decided: December 9, 1976.
RAYMOND O. COSHEY, CHARLES R. KAYLOR AND DOROTHY M. KERCHNER, PLAINTIFFS
FRANK S. BEAL ET AL., DEFENDANTS
Original jurisdiction in the Commonwealth Court of Pennsylvania in case of Raymond O. Coshey, Charles R. Kaylor and Dorothy M. Kerchner v. Frank S. Beal, Secretary, Department of Public Welfare, Commonwealth of Pennsylvania; Department of Public Welfare, Commonwealth of Pennsylvania; Claim Settlement Division of the Department of Public Welfare, Commonwealth of Pennsylvania; Michael J. Casario, Executive Director, Westmoreland County Board of Assistance; and the Westmoreland County Board of Assistance, Defendants.
Gary Robert Fine, with him Alex E. Echard, and Peter P. Cherellia, for plaintiffs.
Jeffrey Cooper, Deputy Attorney General, with him Norman J. Watkins, Deputy Attorney General, J. Justin Blewitt, Deputy Attorney General, and Robert P. Kane, Attorney General, for defendants.
President Judge Bowman and Judges Mencer and Blatt, sitting as a panel of three. Opinion by President Judge Bowman.
[ 27 Pa. Commw. Page 441]
Raymond O. Coshey, Charles R. Kaylor and Dorothy M. Kerchner (Plaintiffs) seek by this proceeding in mandamus to compel defendants -- more specifically, the Department of Public Welfare (Department) -- to refund to Plaintiffs monies wrongfully paid to the Department out of delayed lump-sum social security benefits as reimbursement for public assistance previously received.*fn1
It is not disputed by defendants that Plaintiffs are entitled to the funds they seek, and, therefore, the circumstances under which the funds were collected by the Department do not concern us.*fn2 What we are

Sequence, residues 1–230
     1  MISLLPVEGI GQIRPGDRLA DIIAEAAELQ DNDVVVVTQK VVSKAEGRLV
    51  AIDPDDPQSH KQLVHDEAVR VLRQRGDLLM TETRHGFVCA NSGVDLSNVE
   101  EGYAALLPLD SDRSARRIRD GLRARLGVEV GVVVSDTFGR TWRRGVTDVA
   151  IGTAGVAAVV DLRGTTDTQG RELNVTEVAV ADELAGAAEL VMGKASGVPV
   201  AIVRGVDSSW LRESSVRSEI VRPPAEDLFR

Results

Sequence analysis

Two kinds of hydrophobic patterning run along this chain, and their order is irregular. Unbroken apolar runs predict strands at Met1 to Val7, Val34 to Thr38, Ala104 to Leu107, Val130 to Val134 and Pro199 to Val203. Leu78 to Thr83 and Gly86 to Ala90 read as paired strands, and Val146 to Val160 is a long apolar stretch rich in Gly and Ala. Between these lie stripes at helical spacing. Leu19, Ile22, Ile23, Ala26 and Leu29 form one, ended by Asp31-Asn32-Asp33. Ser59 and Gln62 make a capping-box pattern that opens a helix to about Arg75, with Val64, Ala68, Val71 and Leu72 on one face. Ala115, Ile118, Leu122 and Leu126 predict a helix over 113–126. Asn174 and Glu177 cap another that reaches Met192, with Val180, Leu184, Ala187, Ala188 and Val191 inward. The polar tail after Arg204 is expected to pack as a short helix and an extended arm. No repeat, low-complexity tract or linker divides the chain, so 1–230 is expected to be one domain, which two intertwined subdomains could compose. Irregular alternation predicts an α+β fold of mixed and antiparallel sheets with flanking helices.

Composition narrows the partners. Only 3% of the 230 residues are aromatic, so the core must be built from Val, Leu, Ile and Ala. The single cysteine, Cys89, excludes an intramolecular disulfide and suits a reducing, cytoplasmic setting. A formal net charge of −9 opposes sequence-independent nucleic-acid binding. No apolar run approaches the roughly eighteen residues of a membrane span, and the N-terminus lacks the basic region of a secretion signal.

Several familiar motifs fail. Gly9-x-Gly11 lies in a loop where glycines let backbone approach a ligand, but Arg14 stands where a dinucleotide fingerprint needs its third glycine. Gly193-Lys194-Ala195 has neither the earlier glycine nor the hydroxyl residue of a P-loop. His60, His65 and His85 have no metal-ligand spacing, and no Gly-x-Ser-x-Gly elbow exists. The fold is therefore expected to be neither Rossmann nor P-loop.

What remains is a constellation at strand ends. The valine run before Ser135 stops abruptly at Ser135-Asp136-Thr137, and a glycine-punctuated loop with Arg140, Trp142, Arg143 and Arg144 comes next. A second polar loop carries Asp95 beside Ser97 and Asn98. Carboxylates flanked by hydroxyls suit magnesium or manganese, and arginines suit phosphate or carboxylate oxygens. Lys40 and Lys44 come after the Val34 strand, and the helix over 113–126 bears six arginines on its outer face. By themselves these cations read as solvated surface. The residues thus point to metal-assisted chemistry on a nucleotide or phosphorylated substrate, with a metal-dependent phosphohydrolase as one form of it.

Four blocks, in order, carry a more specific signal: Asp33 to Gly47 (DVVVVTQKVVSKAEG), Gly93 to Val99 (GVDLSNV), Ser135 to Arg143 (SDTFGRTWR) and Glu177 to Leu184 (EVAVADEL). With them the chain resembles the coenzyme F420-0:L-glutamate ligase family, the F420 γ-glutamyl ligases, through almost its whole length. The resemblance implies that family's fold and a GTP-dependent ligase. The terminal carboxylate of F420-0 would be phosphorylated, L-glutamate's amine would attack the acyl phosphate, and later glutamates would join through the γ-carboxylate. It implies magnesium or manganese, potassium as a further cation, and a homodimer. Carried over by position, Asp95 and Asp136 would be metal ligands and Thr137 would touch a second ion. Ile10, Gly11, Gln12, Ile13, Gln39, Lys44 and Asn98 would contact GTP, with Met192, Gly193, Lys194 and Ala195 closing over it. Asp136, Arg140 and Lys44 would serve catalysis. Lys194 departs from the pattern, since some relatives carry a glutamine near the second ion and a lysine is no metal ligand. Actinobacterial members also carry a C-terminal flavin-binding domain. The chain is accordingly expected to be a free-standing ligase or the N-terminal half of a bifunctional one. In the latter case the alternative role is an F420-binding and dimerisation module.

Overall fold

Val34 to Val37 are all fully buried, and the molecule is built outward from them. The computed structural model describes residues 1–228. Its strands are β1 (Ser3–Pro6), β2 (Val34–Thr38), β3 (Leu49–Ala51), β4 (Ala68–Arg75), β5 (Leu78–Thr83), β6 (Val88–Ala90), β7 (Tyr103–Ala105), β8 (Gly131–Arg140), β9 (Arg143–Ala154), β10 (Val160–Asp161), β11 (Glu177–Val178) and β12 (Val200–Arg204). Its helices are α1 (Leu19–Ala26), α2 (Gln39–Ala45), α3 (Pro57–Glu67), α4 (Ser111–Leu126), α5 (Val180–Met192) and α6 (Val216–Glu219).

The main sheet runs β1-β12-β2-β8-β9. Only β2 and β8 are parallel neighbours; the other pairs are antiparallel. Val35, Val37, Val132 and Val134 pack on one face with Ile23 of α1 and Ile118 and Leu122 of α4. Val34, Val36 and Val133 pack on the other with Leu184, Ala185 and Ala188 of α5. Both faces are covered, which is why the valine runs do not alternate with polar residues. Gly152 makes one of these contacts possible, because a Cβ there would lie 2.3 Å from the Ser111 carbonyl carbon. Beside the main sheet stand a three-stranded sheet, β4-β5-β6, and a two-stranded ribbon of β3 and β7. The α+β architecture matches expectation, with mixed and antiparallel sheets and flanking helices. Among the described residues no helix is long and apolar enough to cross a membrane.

[ 27 Pa. Commw. Page 442]
concerned with are those events which transpired after Plaintiffs sought refund of their monies. As this case is before us on preliminary objections, we must treat as true all well and clearly pleaded facts. Metropolitan Hospital v. Department of Public Welfare, 21 Pa. Commonwealth Ct. 116, 343 A.2d 695 (1975).
Upon learning that such reimbursement was not required of them, Plaintiffs individually contacted the Westmoreland County Board of Assistance (Board) to demand refunds. These demands were refused by the Board which contended that the monies had been transferred to the Claim Settlement Division of the Department. After being contacted by Plaintiffs' counsel in January, February and March of 1974, the Claim Settlement Division replied that it would place "follow up controls" on Plaintiffs' claims while awaiting judicial resolution of two independent cases and, in effect, advised Plaintiffs to wait.
When no action was forthcoming from the Board, Plaintiffs, in mid-January, 1975, appealed to the Board. Hearings in February and April of 1975 culminated in orders dated June 10, 1975, directing the Department to pay back the monies received from Plaintiffs plus interest thereon. No appeals from these adjudications and orders were ever taken by defendants. Unable to secure compliance with the orders of June 10, 1975, despite repeated and varied attempts to do so, Plaintiffs initiated this proceeding in mandamus within our original jurisdiction.*fn3
Defendants take the position, not raised at the hearings below, that only the Board of Finance and Revenue is empowered to entertain Plaintiffs' petition for refunds and, therefore, the Department and